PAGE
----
Age, Education, Affect When U.S. Men Become Fathers
CDC study details fertility, contraception, fatherhood statistics in U.S. men
FRIDAY, June 2 (HealthDay News) -- U.S. men agree with women when reporting whether their children were wanted, mistimed or unwanted at the time of conception, but how and when they become fathers is heavily influenced by age, education, income and ethnicity, according to a new comprehensive report from the U.S. Centers for Disease Control and Prevention.
The report includes data from the National Survey of Family Growth conducted in 2002 and is published by the National Center for Health Statistics in Huntsville, Md. It shows that men are more likely than their peers to become sexually active before age 19 if they live with one or neither of their parents at age 14 compared to those living with both parents.
In addition, the study found that about 25 percent of black fathers had their first child before the age of 20, compared with 19 percent of Hispanic fathers and 11 percent of white fathers. And about one-half of men without a high school education fathered a child outside of marriage compared with 6 percent of college graduates.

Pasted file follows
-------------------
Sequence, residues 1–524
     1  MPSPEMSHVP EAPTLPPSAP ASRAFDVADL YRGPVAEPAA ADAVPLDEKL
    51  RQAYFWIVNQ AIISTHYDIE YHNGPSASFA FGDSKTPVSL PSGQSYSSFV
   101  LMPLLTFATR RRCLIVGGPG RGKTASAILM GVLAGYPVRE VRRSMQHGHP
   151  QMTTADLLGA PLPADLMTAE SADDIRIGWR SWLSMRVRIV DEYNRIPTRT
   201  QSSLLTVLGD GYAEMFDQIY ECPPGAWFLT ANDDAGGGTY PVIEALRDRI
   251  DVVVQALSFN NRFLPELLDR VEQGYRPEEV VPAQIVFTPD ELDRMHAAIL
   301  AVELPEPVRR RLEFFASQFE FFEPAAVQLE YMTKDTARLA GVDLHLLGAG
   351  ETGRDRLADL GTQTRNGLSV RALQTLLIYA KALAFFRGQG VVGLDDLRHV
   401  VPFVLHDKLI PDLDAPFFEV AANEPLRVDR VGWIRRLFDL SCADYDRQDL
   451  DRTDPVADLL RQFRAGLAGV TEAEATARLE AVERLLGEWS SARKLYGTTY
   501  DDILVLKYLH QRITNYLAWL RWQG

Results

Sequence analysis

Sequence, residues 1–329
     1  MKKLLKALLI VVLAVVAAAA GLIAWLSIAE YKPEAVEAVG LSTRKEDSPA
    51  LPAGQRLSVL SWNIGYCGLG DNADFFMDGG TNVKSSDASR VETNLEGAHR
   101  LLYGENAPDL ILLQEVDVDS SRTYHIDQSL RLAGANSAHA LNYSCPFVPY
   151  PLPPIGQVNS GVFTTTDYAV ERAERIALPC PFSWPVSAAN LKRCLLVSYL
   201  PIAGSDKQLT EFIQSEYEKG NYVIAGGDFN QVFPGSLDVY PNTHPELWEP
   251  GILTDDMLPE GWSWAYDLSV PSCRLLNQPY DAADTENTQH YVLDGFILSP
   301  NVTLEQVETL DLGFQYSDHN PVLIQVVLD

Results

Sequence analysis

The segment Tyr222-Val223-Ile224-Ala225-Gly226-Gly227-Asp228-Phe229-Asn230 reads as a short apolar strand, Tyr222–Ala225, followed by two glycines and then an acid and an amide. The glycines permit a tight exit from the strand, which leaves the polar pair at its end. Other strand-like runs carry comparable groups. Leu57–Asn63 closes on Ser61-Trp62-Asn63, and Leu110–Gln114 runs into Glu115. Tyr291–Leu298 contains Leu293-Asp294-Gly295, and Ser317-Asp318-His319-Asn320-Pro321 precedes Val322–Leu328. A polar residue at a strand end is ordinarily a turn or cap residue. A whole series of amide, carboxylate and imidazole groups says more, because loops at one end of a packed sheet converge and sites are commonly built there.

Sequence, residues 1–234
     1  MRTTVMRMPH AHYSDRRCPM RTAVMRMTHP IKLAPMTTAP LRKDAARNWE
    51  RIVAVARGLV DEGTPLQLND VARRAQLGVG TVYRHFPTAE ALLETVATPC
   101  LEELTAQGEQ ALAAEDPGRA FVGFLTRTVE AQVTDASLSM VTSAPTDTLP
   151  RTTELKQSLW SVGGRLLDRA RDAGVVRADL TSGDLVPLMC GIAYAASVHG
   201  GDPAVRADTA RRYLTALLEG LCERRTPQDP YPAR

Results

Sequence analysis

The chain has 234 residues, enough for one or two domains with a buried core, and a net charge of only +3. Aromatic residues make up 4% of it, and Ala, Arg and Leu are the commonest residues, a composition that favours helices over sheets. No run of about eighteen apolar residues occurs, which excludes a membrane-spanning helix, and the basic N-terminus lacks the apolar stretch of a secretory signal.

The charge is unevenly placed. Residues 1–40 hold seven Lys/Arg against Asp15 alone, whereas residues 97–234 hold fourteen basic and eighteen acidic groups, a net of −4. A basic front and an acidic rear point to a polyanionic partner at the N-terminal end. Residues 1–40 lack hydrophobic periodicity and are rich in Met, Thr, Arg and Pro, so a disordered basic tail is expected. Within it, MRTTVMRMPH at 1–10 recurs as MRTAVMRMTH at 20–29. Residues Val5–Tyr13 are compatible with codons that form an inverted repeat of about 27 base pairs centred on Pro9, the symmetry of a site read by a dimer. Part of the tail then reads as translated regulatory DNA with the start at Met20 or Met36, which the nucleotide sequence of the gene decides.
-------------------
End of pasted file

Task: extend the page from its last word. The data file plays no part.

Men also reported that 65 percent of children born in the previous five years were wanted at conception, 25 percent were mistimed and 9 percent were unwanted, which are new data that match those reported previously by women.
"The reproductive experiences of men and women 15-44 years of age in the United States vary significantly, and often sharply, by demographic characteristics such as education, income and Hispanic origin and race," the authors conclude.